In 1960 physicist John H. Reynolds discovered that certain meteorites contained an isotopic anomaly in the form of an overabundance of 129Xe. He inferred that this must be a decay product of long-decayed radioactive 129I. This isotope is produced in quantity in nature only in supernova explosions. As the half-life of 129I is comparatively short in astronomical terms, this demonstrated that only a short time had passed between the supernova and the time the meteorites had solidified and trapped the 129I. These two events (supernova and solidification of gas cloud) were inferred to have happened during the early history of the Solar System, as the 129I isotope was likely generated before the Solar System was formed, but not long before, and seeded the solar gas cloud isotopes with isotopes from a second source. This supernova source may also have caused collapse of the solar gas cloud.[13][14]

See also

References

  1. ^ Audi, G.; Kondev, F. G.; Wang, M.; Huang, W. J.; Naimi, S. (2017). "The NUBASE2016 evaluation of nuclear properties" (PDF). Chinese Physics C. 41 (3): 030001. Bibcode:2017ChPhC..41c0001A. doi:10.1088/1674-1137/41/3/030001.
  2. ^ Wang, M.; Audi, G.; Kondev, F. G.; Huang, W. J.; Naimi, S.; Xu, X. (2017). "The AME2016 atomic mass evaluation (II). Tables, graphs, and references" (PDF). Chinese Physics C. 41 (3): 030003-1-030003-442. doi:10.1088/1674-1137/41/3/030003.
  3. ^ Edwards, R. R. (1962). "Iodine-129: Its Occurrenice in Nature and Its Utility as a Tracer". Science. 137 (3533): 851-853. Bibcode:1962Sci...137..851E. doi:10.1126/science.137.3533.851. PMID 13889314. S2CID 38276819.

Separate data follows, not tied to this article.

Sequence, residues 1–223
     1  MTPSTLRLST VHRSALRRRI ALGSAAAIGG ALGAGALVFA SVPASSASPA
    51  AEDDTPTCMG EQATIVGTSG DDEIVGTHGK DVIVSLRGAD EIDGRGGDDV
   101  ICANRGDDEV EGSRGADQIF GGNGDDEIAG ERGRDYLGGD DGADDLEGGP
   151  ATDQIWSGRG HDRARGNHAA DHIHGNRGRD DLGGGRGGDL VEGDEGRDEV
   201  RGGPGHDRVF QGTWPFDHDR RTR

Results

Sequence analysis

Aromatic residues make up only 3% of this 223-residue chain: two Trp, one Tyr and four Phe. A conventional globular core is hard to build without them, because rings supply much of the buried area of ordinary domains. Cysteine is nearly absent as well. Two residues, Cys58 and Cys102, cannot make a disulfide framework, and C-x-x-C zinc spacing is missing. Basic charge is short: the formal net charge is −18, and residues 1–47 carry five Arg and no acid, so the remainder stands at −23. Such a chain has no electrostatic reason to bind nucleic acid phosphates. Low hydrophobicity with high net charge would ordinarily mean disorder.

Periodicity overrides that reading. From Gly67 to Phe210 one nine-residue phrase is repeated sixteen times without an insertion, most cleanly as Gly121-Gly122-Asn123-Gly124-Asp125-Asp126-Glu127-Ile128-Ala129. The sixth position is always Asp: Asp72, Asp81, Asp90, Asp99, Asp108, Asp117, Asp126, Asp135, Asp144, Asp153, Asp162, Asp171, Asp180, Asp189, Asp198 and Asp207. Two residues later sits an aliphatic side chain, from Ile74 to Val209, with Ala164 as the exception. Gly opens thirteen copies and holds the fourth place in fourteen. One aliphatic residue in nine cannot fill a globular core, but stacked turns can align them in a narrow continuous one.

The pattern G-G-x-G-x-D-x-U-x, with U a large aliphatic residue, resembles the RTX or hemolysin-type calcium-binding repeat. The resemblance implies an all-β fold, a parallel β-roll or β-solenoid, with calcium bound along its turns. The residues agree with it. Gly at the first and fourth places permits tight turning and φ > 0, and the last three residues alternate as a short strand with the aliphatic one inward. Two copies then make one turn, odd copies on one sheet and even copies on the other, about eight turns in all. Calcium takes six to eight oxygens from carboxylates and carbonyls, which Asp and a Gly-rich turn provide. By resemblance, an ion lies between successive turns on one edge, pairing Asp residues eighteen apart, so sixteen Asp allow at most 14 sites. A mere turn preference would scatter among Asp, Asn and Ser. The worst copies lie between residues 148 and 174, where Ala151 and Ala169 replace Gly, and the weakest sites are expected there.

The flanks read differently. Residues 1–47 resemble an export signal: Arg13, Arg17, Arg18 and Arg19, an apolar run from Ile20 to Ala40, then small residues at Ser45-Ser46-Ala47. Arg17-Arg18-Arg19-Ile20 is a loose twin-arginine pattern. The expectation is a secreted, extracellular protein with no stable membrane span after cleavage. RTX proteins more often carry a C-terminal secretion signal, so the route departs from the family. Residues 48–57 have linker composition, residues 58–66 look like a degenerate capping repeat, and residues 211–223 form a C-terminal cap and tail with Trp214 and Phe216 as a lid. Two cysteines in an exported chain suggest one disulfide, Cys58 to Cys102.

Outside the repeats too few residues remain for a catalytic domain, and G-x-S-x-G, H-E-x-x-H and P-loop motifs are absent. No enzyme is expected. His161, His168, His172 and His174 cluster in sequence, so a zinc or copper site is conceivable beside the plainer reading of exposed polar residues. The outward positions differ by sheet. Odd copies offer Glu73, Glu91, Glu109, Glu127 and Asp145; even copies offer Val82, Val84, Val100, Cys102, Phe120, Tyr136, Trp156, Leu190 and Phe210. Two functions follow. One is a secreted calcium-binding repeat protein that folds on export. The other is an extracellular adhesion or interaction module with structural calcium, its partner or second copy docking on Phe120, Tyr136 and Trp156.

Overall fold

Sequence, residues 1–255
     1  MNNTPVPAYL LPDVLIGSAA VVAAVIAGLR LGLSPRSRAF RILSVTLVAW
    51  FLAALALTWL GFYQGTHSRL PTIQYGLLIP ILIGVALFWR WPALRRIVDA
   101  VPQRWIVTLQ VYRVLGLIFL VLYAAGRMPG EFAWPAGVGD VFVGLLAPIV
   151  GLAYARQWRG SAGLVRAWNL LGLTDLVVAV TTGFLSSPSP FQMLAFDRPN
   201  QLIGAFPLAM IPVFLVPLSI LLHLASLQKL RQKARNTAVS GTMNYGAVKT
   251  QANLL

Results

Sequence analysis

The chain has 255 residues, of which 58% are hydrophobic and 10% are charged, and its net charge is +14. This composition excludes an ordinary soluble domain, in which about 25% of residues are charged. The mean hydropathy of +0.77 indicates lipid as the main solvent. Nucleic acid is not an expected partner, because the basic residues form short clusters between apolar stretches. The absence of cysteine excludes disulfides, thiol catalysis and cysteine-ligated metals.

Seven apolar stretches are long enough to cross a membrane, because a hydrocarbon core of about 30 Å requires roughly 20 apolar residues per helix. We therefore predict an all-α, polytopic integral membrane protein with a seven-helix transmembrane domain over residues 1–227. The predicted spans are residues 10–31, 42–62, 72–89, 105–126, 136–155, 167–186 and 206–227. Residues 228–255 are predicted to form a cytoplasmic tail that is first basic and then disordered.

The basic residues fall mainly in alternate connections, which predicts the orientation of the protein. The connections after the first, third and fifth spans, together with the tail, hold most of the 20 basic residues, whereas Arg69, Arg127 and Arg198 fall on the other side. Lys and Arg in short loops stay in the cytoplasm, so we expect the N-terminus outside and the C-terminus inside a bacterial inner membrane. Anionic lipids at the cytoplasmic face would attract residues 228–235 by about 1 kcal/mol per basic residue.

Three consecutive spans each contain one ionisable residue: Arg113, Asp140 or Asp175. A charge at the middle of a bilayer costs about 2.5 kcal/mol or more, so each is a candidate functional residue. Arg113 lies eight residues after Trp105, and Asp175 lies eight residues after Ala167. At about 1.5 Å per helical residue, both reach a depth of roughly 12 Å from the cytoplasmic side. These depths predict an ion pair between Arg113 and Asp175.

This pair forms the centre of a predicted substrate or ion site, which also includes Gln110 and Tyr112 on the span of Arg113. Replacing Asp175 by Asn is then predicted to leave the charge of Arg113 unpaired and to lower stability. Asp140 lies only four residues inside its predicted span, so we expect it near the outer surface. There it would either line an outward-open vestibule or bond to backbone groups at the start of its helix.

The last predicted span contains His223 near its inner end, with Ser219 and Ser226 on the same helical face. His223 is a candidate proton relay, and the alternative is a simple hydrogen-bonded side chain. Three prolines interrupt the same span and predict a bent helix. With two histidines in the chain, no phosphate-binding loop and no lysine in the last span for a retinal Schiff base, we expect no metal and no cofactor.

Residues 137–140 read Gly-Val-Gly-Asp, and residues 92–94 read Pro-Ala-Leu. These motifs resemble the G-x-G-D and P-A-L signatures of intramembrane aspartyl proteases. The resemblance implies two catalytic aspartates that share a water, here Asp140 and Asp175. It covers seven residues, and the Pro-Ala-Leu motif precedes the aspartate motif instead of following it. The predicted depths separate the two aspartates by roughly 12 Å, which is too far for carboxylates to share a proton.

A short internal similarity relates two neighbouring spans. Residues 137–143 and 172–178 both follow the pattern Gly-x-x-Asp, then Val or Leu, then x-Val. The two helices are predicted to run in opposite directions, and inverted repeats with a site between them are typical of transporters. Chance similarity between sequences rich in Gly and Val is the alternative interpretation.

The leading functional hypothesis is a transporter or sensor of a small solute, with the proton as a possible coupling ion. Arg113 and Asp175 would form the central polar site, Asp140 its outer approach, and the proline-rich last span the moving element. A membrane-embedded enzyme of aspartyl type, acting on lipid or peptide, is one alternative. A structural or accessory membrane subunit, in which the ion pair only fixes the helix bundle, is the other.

4. ^ "Radioactives Missing From The Earth".
  5. ^ https://www.nndc.bnl.gov/nudat2/decaysearchdirect.jsp?nuc=129I&unc=nds, NNDC Chart of Nuclides, I-129 Decay Radiation, accessed 7 May 2021.
  6. ^ a b http://www-nds.iaea.org/sgnucdat/c3.htm Cumulative Fission Yields, IAEA
  7. ^ http://www.nndc.bnl.gov/chart/reColor.jsp?newColor=sigg, NNDC Chart of Nuclides, I-129 Thermal neutron capture cross-section, accessed 16-Dec-2012.
  8. ^ Rawlins, J. A.; et al. (1992). "Partitioning and transmutation of long-lived fission products". Proceedings International High-Level Radioactive Waste Management Conference. Las Vegas, USA. OSTI 5788189.
  9. ^ Magill, J.; Schwoerer, H.; Ewald, F.; Galy, J.; Schenkel, R.; Sauerbrey, R. (2003). "Laser transmutation of iodine-129". Applied Physics B. 77 (4): 387-390. Bibcode:2003ApPhB..77..387M. doi:10.1007/s00340-003-1306-4. S2CID 121743855.
  10. ^ Watson, J. Throck; Roe, David K.; Selenkow, Herbert A. (1 January 1965). "Iodine-129 as a "Nonradioactive" Tracer". Radiation Research. 26 (1): 159-163. Bibcode:1965RadR...26..159W. doi:10.2307/3571805. JSTOR 3571805. PMID 4157487.
  11. ^ Santschi, P.; et al. (1998). "129Iodine: A new tracer for surface water/groundwater interaction" (PDF). Lawrence Livermore National Laboratory. OSTI 7280.
  12. ^ Snyder, G.; Fabryka-Martin, J. (2007). "I-129 and Cl-36 in dilute hydrocarbon waters: Marine-cosmogenic,in situ, and anthropogenic sources". Applied Geochemistry. 22 (3): 692-714. Bibcode:2007ApGC...22..692S. doi:10.1016/j.apgeochem.2006.12.011.
  13. ^ Clayton, Donald D. (1983). Principles of Stellar Evolution and Nucleosynthesis (2nd ed.). University of Chicago Press. pp. 75. ISBN 978-0226109534.
  14. ^ Bolt, B. A.; Packard, R. E.; Price, P. B. (2007). "John H. Reynolds, Physics: Berkeley". The University of California, Berkeley. Retrieved .

Further reading

External links